August 27, 2014 10:44:23 AM
Last Saturday I was a late volunteer at the Hitching Lot Farmers' Market. That is, I arrived at 8:30 a.m. to stay until time to pack up the coffee and tables, around 10. I was delighted to see how busy things were when I arrived. Some years ago, the crowd would descend at 7 a.m. and be gone by 8. Now, we have customers arriving at 8 or 8:30 keeping the energy going till the end. As Martha Stewart would say, "It's a good thing."
I was surprised to find butternut and acorn squash available. It's usually described as a winter squash. Lydia Enlow explained to me that they are grown in the summer and can be held until winter to eat. They differ from summer squash in that the fruit (they are a fruit, not a vegetable) is left to ripen until the mature stage and the skin toughens.
Although a lot of cooks peel the skin with a knife, you can actually use a vegetable peeler, which is much easier and certainly safer. To cook, either roast them or boil. I prefer the no-water method of roasting, which caramelizes the sugars and concentrates the flavor.
One method of roasting is in the first recipe below. Another method would be to simply halve the squash lengthwise, scoop out the seeds, sprinkle with olive oil, salt and pepper and roast until soft. From there you can scoop out the flesh and mash with a little butter, or put into a food processor with some chicken broth and maybe a dash of cream or milk and it becomes soup. Season with what strikes your fancy: cinnamon, allspice, cayenne or perhaps some plain yogurt. For a more intense spice flavor, sprinkle your spice of choice on the squash before roasting.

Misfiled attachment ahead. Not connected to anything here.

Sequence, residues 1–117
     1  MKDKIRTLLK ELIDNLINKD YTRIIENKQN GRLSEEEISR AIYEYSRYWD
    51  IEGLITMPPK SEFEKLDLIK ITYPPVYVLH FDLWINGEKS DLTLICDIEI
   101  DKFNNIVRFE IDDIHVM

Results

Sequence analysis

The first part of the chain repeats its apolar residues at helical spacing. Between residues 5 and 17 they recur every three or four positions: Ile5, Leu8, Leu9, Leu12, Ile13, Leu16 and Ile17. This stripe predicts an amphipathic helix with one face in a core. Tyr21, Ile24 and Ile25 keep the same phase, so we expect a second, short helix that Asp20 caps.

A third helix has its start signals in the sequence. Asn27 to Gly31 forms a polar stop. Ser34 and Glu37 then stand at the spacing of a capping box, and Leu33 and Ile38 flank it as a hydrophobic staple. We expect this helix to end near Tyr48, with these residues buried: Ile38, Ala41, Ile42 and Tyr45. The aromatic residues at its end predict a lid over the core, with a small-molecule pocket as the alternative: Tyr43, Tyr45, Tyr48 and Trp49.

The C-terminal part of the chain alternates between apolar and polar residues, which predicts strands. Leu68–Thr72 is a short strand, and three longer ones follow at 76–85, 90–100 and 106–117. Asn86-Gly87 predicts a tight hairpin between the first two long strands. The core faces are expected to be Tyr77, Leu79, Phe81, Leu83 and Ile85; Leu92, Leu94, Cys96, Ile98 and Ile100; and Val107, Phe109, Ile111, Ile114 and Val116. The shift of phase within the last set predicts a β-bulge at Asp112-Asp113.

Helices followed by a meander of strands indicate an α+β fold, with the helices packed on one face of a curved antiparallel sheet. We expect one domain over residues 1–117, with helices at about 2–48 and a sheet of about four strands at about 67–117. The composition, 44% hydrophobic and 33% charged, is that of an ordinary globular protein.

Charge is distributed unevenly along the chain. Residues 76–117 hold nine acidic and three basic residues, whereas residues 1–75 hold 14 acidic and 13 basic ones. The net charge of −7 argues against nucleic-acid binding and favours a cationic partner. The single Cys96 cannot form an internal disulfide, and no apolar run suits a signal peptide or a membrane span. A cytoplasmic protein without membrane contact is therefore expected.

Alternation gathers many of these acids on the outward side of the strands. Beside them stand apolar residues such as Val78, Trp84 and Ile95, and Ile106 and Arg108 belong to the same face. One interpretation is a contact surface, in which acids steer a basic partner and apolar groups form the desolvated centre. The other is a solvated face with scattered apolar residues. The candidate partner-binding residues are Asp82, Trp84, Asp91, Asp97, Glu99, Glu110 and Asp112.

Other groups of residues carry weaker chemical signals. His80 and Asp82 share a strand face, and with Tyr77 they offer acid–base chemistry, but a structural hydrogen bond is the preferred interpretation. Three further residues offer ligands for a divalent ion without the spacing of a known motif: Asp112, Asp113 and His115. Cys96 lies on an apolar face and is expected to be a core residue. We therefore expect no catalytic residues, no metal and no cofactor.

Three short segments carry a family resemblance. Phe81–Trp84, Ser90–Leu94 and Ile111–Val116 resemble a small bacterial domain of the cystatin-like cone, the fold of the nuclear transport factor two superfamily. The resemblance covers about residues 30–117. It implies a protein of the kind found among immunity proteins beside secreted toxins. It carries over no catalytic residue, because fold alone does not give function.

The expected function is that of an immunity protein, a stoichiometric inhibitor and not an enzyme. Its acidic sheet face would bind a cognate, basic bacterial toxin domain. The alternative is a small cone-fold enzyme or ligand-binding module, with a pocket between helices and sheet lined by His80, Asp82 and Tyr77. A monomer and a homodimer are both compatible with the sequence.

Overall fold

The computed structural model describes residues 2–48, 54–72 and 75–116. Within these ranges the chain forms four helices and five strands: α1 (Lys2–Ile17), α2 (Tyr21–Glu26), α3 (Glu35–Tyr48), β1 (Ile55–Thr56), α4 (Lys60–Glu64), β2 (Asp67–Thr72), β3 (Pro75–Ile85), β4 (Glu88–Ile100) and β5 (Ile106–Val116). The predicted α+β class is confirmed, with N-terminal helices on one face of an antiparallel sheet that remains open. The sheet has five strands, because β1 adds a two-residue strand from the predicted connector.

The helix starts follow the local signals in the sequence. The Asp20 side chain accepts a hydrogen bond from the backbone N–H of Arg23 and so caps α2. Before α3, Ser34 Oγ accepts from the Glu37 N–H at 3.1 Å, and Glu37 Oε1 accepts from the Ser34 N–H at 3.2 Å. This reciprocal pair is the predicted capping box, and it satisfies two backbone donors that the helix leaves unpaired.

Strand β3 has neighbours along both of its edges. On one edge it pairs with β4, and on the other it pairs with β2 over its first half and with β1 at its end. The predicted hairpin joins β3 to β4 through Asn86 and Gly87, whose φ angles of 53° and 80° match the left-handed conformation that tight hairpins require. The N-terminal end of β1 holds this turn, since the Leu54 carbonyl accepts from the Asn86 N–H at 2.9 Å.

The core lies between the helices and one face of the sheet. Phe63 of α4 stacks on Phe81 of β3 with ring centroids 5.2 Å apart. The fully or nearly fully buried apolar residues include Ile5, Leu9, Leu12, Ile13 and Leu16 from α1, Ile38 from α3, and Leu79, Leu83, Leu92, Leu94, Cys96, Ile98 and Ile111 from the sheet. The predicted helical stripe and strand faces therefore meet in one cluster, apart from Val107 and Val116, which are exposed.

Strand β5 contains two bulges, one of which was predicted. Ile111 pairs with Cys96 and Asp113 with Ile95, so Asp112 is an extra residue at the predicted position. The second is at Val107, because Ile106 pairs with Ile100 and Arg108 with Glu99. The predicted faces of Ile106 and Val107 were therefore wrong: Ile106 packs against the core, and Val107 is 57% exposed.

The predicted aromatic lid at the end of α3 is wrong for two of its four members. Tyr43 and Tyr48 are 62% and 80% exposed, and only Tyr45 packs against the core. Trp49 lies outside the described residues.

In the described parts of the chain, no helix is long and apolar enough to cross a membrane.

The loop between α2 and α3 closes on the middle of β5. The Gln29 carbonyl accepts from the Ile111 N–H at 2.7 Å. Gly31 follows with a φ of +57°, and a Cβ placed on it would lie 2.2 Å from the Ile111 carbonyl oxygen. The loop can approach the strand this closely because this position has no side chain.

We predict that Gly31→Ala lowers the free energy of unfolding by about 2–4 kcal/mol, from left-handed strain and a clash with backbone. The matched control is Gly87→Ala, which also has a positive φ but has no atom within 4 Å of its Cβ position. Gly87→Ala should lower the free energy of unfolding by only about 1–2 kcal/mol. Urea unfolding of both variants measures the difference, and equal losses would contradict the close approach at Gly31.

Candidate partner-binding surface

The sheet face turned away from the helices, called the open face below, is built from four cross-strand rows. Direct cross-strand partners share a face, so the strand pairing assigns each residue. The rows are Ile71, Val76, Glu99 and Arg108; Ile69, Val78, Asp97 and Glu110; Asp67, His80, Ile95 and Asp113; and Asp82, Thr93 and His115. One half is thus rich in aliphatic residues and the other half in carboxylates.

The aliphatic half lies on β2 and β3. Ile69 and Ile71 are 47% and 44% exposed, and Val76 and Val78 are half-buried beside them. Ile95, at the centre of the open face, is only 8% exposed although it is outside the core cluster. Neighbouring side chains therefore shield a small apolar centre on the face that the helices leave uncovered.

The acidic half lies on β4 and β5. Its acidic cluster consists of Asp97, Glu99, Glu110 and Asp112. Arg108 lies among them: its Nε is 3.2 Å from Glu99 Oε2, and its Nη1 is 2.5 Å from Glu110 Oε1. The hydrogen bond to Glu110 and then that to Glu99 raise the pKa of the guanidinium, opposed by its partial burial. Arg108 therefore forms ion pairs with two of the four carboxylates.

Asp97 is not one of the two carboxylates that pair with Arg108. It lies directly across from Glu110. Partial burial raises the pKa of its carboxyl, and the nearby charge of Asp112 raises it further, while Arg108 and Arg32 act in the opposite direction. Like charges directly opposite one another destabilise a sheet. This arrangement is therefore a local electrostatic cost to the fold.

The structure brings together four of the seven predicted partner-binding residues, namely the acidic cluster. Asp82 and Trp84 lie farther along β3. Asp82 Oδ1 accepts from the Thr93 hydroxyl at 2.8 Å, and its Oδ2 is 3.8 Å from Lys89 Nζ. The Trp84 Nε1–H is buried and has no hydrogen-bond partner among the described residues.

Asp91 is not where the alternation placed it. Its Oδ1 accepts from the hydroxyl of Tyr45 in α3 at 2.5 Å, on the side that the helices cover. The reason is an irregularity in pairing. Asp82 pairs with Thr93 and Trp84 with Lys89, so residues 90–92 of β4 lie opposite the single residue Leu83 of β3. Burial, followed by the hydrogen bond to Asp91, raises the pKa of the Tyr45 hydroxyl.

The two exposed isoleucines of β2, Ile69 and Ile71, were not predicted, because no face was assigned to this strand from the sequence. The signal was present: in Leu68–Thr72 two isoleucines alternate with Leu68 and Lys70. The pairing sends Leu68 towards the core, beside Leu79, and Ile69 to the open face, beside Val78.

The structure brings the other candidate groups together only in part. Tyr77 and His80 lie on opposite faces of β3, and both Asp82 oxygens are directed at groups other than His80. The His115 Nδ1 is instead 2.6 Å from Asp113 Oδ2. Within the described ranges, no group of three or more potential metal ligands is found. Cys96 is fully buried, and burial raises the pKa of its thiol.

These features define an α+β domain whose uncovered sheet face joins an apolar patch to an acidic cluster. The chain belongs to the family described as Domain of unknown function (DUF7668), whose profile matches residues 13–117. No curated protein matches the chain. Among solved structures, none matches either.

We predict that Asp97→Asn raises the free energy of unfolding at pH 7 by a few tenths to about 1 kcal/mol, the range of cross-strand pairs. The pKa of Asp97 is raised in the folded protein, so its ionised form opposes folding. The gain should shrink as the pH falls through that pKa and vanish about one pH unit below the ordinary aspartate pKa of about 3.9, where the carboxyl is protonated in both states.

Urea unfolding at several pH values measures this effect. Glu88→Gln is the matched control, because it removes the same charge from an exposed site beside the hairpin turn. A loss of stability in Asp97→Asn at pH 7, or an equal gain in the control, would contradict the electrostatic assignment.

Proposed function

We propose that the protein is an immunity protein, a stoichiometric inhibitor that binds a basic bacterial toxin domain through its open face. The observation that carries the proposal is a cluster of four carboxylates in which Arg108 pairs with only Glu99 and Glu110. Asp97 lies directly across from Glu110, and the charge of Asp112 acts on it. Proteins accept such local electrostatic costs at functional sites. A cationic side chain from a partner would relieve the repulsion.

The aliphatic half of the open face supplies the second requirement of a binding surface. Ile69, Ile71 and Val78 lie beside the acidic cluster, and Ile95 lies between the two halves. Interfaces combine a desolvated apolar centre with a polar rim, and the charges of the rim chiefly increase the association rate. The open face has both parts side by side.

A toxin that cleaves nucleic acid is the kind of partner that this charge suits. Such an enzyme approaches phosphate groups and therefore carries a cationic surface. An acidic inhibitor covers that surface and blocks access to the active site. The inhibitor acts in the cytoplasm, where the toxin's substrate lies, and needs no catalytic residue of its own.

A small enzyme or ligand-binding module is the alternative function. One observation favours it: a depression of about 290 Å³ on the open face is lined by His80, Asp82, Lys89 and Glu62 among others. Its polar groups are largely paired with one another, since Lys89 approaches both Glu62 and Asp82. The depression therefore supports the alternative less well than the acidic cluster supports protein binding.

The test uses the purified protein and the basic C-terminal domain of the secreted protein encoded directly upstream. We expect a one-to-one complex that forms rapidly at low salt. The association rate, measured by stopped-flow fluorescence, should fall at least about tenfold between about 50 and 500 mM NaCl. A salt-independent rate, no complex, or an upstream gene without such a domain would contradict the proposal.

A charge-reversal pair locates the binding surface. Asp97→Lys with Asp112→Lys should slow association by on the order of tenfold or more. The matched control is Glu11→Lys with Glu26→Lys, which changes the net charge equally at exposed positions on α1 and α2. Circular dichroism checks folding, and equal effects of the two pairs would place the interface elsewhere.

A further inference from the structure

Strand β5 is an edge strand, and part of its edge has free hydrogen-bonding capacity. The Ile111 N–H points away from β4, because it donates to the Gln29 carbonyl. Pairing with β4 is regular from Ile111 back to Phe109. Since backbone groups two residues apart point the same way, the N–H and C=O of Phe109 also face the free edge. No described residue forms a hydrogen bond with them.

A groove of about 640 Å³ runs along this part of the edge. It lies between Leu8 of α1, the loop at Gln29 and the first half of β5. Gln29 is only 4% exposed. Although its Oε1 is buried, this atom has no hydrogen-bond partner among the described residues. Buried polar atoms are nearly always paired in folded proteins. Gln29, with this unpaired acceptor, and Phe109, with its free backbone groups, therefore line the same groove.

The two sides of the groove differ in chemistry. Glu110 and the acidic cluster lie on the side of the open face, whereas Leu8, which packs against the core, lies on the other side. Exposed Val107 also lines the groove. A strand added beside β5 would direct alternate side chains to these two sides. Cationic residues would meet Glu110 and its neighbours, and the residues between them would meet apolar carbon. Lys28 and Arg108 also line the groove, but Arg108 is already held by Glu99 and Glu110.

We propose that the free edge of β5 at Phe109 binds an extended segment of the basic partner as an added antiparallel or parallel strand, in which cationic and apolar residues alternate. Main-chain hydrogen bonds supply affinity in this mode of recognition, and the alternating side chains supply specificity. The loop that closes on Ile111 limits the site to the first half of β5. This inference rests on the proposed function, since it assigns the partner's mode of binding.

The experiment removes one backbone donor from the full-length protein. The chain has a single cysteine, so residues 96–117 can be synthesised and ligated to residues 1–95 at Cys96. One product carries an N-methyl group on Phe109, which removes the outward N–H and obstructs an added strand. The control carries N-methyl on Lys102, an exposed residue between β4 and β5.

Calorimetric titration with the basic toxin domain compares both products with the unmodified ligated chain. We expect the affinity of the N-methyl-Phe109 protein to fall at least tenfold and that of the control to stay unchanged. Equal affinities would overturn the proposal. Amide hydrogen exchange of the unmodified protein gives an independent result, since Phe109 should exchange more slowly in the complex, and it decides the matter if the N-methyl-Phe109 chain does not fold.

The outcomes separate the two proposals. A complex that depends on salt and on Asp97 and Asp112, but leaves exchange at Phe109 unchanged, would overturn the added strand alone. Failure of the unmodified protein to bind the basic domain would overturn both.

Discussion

The first recipe is from Sara Foster's cookbook, "Fresh Every Day." Sara owns two food markets, one in Durham, North Carolina, and the other in Chapel Hill. Her reputation has grown since her first cookbook, "The Foster's Market Cookbook," published in 2002. She is known for her fresh, simple dishes that highlight the flavor of the ingredients.
The second recipe is from "Vegetarian Cooking for Everyone" by Deborah Madison. If you are a devoted vegetarian cook, then you are probably familiar with Ms. Madison. Even if you are not a vegetable-only eater, then you should get to know her cookbooks. They are bibles for how to prepare our market produce and fruits A-Z.
BLACK-EYED PEA SALAD WITH ROASTED BUTTERNUT SQUASH AND GOAT CHEESE
Serves 6 to 8
1 medium butternut squash, peeled, seeded and cut into 1-inch cubes
1 tablespoon olive oil
Salt and freshly ground pepper
2 cups (about 12 ounces) fresh or frozen black-eyed peas (or purple-hull peas)
1 red bell pepper, cored, seeded and diced
1 jalapeno pepper, cored, seeded and diced
2 tablespoons chopped fresh marjoram leaves (or oregano)
2 tablespoons chopped fresh flat-leaf parsley leaves
Sweet and Spicy Vinaigrette
2 ounces goat cheese, crumbled (about 1/2 cup)
(Source: "Fresh Every Day," by Sara Foster)
SWEET AND SPICY VINAIGRETTE
Makes about 1 cup
1/3 cup apple cider vinegar
2 tablespoons honey
Grated zest and juice of 1 lemon
1 teaspoon crushed red pepper flakes
Salt and freshly ground black pepper to taste
1/4 cup extra-virgin olive oil
1/4 cup canola or safflower oil
PROVENCAL WINTER SQUASH GRATIN
Serves 4 to 6
2-2 1/2 pounds butternut squash
5 garlic cloves, finely chopped
1/2 cup chopped parsley
Salt and freshly ground pepper
3 tablespoons flour
Extra virgin olive oil
(Source: "Vegetarian Cooking for Everyone," by Deborah Madison)
2. Good times roll for Market Street music ENTERTAINMENT
5. W music students present An Evening of Classics ENTERTAINMENT